Date and Time: Wednesday, January 15, 2020, 11:00 AM– 12:30 PM (ET)
Appropriate mutualistic and commensal host/microbiome interactions provide beneficial effects to one or both species, while adverse host/microbiome interactions contribute to disease. Two speakers will describe the effects of diet and foodborne agents on gut microbiota and the effects of gut dysbiosis on health.
Tiffany Weir, PhD
Department of Food Science and Human Nutrition
Colorado State University
The gut microbiota have emerged as an important regulator of human health. Imbalances in the gut microbiota, referred to as dysbiosis, have been associated with numerous diseases, both within the intestines as well as in peripheral tissues in organs. Gut dysbiosis is often characterized by reduced microbial diversity and loss of functionality and can lead to increased intestinal inflammation and loss of gut barrier function. While numerous factors can impact the intestinal microbiota, including age, stress, medications, pollutants, and exercise, diet has the greatest potential to modify the microbiota. Our laboratory studies how diet-induced alterations to the microbiota can prevent or increase the risk of developing cardiometabolic diseases. In this webinar, we will explore the role the microbiota play in disease development and examine some of the underlying mechanisms and how external factors shape the microbiota, with a focus on dietary components.
Sangeeta Khare, PhD
Division of Microbiology
This talk will provide approaches for the risk assessment of intentional and unintentional use of antimicrobials (metal-based nanomaterial) and antimicrobial residues (antibiotics). Usually these products are used as health supplements or are present as drug residues in consumer products. Interactions of these products with the gastrointestinal tract might have an adverse effect on the commensal microbiota, impact antimicrobial resistance, and alter the host immune responses and intestinal permeability.
Mechanistic Assessment of Carcinogenicity
Host: Carcinogenesis Specialty Section (CSS)
Date and Time: Friday, January 24, 2020, 10:00 AM–11:00 AM (ET)
Rijksinstituut voor Volksgezondheid en Milieu (RIVM)
Presentation Title: Early Mechanistic Key Events for the Prediction of Carcinogenic Potential
While health risks from genotoxic carcinogenic substances can be reliably assessed using genetic toxicity endpoints, risks from substances that induce cancer via other mechanisms (i.e., nongenotoxic carcinogens) remain largely undetected unless a two-year carcinogenicity bioassay is performed. However, the two-year carcinogenicity bioassay involves the use of large numbers of animals, and its results have been scientifically challenged. A transition from the bioassay to a human-relevant framework can provide better predictivity, tests on fewer animals, is more cost-effective, and coincides with our growing knowledge of the mechanistic process of tumor formation. Therefore, a project funded by EPAA, which started in summer 2017, has explored how mode‐of‐action (MOA) information can be used to enhance the prediction of carcinogenic potential (or lack thereof) of agrochemicals. The project aims to select appropriate parameters for MOAs involved in carcinogenesis. For this selection, a review of mechanistic information provided in carcinogenicity reports for ~160 agrochemicals was undertaken. Using this overview, nine MOA networks were identified, including liver enzyme induction, changes to the hormone system, oxidative stress, and sustained cytotoxicity.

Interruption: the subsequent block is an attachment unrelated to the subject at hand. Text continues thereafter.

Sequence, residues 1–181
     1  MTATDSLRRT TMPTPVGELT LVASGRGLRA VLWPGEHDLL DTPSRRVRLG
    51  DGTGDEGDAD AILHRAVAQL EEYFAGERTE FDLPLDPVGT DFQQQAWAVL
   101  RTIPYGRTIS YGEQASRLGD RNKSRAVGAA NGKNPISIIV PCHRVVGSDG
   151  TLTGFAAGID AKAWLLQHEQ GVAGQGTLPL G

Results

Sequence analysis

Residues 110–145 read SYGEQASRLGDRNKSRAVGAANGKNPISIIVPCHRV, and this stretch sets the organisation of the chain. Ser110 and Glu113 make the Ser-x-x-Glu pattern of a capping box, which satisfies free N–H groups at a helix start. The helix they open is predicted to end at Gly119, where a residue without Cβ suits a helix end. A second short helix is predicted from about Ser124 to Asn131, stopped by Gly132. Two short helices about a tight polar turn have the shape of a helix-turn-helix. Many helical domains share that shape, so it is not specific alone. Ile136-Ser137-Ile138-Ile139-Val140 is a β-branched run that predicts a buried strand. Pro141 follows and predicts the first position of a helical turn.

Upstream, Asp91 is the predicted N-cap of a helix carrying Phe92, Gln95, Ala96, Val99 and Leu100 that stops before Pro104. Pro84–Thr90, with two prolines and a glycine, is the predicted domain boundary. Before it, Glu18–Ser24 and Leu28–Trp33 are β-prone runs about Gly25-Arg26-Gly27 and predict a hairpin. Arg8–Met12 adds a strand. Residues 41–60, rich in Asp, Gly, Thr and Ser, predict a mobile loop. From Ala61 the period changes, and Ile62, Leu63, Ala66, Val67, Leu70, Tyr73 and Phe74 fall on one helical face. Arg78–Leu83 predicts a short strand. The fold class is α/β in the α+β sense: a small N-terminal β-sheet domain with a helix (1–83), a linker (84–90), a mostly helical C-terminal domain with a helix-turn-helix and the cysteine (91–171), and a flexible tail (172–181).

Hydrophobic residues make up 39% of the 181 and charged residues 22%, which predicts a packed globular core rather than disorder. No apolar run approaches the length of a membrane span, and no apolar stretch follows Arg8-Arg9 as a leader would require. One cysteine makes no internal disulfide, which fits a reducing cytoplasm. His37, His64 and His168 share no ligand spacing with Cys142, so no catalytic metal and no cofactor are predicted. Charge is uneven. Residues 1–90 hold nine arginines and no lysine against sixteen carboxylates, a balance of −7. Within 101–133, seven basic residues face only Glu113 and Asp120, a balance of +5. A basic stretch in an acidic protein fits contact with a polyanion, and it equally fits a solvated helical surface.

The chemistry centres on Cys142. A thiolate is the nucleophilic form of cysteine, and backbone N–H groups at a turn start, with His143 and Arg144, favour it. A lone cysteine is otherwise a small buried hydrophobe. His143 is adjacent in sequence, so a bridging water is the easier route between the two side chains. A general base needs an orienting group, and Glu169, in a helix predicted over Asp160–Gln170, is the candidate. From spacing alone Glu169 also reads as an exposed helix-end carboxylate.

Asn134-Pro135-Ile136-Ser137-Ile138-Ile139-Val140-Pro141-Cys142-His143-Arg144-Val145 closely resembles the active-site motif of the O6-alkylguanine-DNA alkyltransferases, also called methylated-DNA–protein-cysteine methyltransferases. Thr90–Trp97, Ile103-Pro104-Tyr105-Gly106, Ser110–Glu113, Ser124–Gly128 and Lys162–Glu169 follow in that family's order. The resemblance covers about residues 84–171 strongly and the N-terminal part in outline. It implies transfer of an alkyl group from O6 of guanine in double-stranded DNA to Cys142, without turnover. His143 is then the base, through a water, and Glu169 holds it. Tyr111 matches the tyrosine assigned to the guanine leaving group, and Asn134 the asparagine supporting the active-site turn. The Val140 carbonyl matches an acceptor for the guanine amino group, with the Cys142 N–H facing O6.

Speaker 2: Chris Corton
Presentation Title: Transcriptomic Thresholds from Short-Term Assays Predict Rat Liver Tumorigens
Incorporation of quantitative genomic data from short-term rodent studies may adequately define protective thresholds for potential tumorigens as a bridge to move from current testing to greater reliance on in vitro assays. We hypothesized that gene expression biomarkers that measure the activation of the major molecular initiating events (MIEs) in rodent liver cancer adverse outcome pathways exhibit chemical-independent thresholds beyond which cancer occurs and the thresholds could be used to predict liver cancer. The hypothesis was tested by defining thresholds of gene expression biomarkers of liver cancer MIEs using training sets from the 77 and 86 chemicals in the TG-GATES and DrugMatrix datasets, respectively, and testing them in a number of contexts. The biomarkers tested consisting of 7–113 genes included those that predict genotoxicity, cytotoxicity, and activation of AhR, CAR, ER, or PPARα. Thresholds were calculated as the maximum values derived from exposures that do not lead to liver cancer. In all cases, clear threshold values could be identified that were consistent across training and test sets. Thresholds derived from the TG-GATES study were not very predictive of liver tumorigens in the DrugMatrix study (77%–81%). In contrast, thresholds derived from the DrugMatrix study were predictive in the TG-GATES study (84%–100%). The DrugMatrix-derived thresholds were most predictive when applied to test sets of 7d and 14d treatments (100% and 99%, respectively). In addition, thresholds derived from just 12 genes (two/biomarker) exhibited high predictive accuracy (up to 94%). These findings support the idea that early genomic changes can be used to establish threshold estimates or “molecular tipping points” that are predictive of later-life outcomes. (This abstract does not reflect EPA policy.)